Choose Your Own Adventure

October 22, 2012 § Leave a comment

I look up at my screen, down at my mouse.  I count the enemies, and my men.  There’s no two ways about it, someone isn’t making it out alive.  I look at my Rookie, one kill for the mission, his first time in the real world, and I look at my Captain, battle hardened, scarred, and ready.  If this were a movie, the Captain would do it.  If this were a movie, my men wouldn’t have died while hiding behind cars.  If this were a movie, everything would be heroics.  But this wasn’t.  So my Rookie runs out, he takes a glancing blow while running over.  He fires on one enemy, killing it.  My captain advances safely, and guns down another.  Two more advance, surrounding the rookie.  The Captain sighs, reaches down to his belt, and pulls out a grenade.  Live bait is always the best.

There’s something wonderful about watching a story unfold before you.  One where you’re more of a puppetmaster than a bystander.  You pull the strings, constantly fighting against gravity, the wind, and children-in-the-audience-who-throw-sticks-at-you.  It’s still a play though, a plot written by someone else, though with details of your own devising.  And it’s this sort of story that shows the strength of games.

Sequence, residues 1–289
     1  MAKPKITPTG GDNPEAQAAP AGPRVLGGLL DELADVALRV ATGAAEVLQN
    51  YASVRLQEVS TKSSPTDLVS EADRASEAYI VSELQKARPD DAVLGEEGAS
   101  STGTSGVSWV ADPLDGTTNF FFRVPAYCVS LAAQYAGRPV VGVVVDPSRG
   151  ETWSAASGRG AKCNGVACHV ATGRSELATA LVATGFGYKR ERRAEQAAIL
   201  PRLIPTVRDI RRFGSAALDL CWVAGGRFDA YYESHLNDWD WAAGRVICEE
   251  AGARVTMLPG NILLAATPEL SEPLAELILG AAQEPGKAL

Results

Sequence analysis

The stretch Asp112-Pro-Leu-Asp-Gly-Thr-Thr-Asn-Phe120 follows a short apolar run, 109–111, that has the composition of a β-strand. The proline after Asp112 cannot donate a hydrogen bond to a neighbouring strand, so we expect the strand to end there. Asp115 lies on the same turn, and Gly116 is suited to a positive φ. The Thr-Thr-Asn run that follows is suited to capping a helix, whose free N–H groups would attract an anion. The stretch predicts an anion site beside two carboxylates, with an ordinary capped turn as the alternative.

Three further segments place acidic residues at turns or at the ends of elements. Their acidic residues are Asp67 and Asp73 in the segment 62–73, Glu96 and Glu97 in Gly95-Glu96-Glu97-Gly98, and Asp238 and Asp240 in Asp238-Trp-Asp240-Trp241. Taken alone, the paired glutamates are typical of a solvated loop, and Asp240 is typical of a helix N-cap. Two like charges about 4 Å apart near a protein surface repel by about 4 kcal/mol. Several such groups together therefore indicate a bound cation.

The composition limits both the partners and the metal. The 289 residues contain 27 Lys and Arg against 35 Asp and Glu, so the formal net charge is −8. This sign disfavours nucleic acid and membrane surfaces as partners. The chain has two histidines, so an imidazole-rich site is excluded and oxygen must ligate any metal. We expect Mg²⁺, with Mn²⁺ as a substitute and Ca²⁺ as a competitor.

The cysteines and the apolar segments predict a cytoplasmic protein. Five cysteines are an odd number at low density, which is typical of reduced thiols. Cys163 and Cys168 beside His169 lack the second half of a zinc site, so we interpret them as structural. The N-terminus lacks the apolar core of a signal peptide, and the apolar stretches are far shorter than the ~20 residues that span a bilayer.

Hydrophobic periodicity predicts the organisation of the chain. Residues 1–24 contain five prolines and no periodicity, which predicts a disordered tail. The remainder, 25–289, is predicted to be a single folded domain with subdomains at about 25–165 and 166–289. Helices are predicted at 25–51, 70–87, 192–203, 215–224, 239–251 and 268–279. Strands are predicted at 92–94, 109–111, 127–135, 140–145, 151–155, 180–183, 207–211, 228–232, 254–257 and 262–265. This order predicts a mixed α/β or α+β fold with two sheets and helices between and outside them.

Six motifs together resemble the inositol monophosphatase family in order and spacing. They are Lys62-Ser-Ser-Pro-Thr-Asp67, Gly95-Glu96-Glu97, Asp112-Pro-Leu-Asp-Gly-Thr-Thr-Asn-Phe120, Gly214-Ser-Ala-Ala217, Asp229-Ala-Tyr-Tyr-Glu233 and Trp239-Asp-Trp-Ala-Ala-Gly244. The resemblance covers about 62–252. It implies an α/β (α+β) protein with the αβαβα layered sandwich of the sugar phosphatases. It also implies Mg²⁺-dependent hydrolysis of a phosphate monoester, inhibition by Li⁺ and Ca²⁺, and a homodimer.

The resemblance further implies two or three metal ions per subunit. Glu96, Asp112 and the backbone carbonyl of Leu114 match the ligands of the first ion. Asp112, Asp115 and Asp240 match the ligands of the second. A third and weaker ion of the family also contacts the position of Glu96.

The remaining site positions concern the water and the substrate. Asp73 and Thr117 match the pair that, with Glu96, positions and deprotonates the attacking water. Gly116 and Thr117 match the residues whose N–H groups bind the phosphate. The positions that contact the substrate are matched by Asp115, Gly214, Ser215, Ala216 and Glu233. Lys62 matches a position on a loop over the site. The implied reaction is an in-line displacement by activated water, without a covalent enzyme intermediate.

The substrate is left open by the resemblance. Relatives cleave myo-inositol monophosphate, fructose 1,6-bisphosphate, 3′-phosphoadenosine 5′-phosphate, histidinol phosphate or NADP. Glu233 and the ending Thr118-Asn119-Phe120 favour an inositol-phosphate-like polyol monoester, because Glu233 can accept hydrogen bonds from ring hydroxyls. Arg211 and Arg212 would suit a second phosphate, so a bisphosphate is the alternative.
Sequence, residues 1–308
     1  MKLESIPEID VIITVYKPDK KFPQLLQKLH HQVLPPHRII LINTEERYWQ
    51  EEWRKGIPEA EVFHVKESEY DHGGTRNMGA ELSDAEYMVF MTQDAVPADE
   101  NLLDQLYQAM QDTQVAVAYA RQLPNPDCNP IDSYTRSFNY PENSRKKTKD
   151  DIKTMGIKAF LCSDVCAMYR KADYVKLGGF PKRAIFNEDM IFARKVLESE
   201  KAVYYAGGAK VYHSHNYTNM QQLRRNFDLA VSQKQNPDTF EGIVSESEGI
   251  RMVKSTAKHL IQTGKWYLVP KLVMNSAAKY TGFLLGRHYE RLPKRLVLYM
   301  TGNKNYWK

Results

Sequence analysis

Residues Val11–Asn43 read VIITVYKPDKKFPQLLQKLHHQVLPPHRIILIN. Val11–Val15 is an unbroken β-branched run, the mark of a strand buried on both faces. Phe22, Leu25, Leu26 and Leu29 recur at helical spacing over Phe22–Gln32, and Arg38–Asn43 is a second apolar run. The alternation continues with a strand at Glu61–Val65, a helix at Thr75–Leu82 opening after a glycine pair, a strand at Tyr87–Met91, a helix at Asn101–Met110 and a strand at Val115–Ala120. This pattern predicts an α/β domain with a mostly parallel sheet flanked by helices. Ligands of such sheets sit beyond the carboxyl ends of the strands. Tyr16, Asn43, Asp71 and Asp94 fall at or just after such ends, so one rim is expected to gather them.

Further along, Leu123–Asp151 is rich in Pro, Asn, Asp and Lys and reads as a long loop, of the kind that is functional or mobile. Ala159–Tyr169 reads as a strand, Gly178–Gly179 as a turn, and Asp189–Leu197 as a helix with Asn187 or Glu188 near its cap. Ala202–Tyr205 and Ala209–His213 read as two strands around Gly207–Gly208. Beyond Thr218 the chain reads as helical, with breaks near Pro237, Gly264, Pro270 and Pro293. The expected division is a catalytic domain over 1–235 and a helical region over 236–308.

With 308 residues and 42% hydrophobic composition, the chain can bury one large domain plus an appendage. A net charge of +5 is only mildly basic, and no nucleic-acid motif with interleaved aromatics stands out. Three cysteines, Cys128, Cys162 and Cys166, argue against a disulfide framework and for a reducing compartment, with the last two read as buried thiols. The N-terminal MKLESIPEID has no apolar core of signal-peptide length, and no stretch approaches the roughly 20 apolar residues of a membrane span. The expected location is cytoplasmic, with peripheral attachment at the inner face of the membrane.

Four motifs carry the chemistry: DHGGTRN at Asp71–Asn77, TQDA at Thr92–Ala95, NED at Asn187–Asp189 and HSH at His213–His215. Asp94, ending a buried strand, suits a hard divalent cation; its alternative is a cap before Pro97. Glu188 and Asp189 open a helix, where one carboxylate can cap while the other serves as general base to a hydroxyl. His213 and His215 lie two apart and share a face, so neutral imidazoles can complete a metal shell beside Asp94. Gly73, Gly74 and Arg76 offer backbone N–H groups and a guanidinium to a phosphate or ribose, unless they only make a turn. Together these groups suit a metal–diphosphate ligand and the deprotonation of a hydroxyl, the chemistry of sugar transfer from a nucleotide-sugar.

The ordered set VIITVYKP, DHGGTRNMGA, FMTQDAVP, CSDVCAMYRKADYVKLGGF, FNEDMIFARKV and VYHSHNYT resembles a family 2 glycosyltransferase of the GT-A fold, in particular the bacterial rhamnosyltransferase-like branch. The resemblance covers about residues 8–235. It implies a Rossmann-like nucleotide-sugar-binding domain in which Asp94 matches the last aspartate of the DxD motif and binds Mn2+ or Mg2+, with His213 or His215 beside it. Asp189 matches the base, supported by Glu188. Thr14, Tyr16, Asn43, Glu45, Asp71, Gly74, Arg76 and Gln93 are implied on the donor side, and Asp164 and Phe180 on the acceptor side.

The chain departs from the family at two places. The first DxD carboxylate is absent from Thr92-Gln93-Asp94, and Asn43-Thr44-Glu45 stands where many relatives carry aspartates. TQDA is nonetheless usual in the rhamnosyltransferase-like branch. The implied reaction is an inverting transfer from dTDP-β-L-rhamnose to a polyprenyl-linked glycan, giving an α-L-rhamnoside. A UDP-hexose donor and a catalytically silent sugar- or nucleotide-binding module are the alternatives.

When you go to a movie, you’re not seeing your own story.  What you see, and what the guy next to you sees, are both exactly the same.  This promotes discussion.  You stand by the water-cooler, talk about how great this scene was, or how hot that chick looked.  You talk about the same things, and you compare what you thought of them.  Your standard, blockbuster game is the same.  You go through the set-piece, you slip on the hill, and Soap grabs your hand, saving you from death.  This too, can be discussed.  There’s a small amount of storytelling, in the way you got from point A to B, but there won’t really be much variance.

With XCOM or FTL, it’s interesting to see the return of player driven storytelling.  In a procedural world, A and B are still created by someone, somewhere, but the path between them can be winding, or direct.  The equipment you have, the people there with you, all will be different.  These aren’t games where you discuss what happened.  These are games where you tell.  You share your story with others, and they share theirs.  These games appeal to the tellers, not the listeners.  And there’s something wonderful about that.

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